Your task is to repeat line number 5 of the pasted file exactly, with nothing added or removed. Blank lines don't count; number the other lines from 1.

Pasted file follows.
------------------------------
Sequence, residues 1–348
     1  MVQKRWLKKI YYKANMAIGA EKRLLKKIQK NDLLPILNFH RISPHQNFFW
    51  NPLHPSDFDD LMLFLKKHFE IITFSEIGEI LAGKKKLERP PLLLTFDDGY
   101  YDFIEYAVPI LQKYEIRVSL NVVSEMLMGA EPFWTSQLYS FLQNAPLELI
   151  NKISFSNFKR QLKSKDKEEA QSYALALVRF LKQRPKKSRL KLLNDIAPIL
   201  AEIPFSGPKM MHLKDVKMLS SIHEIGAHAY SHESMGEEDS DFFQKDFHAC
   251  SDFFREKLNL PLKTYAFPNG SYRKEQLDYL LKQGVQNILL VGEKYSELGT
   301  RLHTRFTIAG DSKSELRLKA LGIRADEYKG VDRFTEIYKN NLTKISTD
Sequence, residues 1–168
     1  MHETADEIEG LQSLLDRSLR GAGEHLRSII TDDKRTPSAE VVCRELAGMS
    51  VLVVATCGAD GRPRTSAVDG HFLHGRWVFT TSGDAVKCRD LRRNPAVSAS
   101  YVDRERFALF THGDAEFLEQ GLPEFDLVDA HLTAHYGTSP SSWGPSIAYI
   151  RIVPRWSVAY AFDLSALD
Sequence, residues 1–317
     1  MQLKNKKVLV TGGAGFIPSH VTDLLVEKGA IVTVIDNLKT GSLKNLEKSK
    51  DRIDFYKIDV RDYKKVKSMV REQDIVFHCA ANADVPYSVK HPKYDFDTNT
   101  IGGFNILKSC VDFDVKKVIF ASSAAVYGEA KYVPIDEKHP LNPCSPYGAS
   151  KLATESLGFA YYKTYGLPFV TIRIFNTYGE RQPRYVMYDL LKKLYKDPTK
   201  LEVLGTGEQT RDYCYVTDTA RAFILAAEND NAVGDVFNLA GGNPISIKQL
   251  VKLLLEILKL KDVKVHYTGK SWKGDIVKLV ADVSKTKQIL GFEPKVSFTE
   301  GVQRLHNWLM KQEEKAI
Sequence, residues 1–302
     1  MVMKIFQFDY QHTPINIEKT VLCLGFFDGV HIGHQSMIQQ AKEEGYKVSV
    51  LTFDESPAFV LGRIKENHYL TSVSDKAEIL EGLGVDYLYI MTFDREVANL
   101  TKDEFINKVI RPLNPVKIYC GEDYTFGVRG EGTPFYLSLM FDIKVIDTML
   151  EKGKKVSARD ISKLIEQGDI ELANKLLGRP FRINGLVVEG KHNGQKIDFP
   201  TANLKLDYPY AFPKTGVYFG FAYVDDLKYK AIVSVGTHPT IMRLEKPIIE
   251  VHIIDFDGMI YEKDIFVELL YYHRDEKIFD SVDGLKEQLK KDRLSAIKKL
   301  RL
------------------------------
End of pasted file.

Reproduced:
   151  NKISFSNFKR QLKSKDKEEA QSYALALVRF LKQRPKKSRL KLLNDIAPIL